In the Atlantic Yards case, the Court of Appeals ruled that long-established precedents allowed the use of eminent domain to aid a private development, that the public benefit required of such a project should be regarded in a broad way, and, most important, that the courts should not second-guess a state agency's decision to declare an area blighted, except in the most extreme cases.Crain's is right that the two rulings seem in conflict--though it would be possible for the Court of Appeals to uphold the Columbia decision on narrow grounds.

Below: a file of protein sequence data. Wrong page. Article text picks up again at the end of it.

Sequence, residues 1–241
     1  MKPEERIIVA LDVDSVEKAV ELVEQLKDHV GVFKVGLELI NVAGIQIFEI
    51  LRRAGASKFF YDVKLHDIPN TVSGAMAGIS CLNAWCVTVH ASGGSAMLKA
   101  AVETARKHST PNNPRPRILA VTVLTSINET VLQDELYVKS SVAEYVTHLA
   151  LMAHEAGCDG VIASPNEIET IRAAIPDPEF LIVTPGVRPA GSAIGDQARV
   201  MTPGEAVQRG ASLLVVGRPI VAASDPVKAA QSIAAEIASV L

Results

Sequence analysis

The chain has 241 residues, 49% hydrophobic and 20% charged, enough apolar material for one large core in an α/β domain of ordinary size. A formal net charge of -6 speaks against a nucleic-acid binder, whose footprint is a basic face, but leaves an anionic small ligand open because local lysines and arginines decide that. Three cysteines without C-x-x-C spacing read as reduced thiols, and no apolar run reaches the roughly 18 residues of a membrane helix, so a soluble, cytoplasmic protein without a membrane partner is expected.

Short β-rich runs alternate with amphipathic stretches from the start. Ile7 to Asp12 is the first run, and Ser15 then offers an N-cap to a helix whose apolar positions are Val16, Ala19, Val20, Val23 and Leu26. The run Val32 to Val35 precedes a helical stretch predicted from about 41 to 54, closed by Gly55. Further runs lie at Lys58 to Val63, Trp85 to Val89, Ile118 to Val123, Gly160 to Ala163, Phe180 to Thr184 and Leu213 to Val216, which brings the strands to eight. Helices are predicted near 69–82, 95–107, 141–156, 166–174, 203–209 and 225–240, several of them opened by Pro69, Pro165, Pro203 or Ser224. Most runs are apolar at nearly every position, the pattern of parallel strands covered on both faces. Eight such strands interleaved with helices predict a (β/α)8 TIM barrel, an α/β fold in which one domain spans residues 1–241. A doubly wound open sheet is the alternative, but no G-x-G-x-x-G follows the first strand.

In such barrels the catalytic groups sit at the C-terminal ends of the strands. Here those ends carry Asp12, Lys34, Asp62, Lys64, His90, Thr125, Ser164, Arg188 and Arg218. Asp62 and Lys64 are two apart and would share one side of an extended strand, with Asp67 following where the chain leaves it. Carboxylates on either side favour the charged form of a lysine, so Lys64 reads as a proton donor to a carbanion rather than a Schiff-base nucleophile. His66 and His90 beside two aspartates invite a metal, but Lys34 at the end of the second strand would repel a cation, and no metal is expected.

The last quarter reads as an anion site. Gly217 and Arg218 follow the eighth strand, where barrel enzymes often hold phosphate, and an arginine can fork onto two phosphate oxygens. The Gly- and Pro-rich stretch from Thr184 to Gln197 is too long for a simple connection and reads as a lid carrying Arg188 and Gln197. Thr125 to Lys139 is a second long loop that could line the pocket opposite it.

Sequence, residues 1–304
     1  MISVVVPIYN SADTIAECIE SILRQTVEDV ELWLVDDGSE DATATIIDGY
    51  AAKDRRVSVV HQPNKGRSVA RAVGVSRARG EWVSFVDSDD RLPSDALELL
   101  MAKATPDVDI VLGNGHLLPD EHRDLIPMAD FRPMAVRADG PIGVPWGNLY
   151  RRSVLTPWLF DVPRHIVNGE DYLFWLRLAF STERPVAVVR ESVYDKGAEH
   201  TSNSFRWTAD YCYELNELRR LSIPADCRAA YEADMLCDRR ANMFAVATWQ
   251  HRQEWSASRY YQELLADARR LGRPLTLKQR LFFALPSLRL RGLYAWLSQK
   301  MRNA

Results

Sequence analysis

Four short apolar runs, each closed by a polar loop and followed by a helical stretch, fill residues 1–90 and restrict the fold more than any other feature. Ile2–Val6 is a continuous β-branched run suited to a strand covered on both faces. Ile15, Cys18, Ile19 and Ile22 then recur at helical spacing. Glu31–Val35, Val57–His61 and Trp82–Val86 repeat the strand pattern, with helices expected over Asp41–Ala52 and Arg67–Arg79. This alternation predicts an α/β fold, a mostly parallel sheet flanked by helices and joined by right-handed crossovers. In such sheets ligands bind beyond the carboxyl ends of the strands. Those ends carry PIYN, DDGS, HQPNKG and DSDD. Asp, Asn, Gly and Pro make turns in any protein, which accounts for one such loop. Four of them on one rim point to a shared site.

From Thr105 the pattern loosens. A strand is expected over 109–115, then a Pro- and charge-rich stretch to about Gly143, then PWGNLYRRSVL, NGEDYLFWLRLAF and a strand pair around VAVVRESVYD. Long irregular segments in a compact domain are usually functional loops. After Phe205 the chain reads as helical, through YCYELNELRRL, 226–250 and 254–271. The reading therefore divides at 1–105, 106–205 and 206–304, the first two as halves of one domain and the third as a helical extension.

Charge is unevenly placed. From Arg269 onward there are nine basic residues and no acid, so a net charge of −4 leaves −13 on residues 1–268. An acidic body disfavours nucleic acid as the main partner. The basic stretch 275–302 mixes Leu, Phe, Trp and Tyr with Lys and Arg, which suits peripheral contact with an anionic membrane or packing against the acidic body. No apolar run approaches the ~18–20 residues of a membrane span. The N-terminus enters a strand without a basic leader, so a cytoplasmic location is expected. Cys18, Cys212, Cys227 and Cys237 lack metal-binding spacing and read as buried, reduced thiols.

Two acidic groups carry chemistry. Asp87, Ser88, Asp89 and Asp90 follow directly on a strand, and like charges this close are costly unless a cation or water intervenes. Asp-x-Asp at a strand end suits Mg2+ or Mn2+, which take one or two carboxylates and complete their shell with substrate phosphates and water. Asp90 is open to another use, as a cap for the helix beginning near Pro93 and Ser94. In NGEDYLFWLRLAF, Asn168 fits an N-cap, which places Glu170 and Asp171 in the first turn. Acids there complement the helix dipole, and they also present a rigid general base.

The majority in the Manhattan appellate court seemed to ignore the direction of the state's highest court. The majority in the 3-2 decision disparaged the public benefit of the Columbia project and clearly second-guessed the blight finding in a way that would seem to directly contravene the instructions of the higher court.
What Crain's doesn't grapple with is the bad faith found by the court in the Columbia case, or its finding that underutilization--a factor in the dubious blight finding for Atlantic Yards, as well--was deemed illegitimate.
Apparently Crain's thinks there's no need to reform eminent domain, especially the definition of blight, in New York State.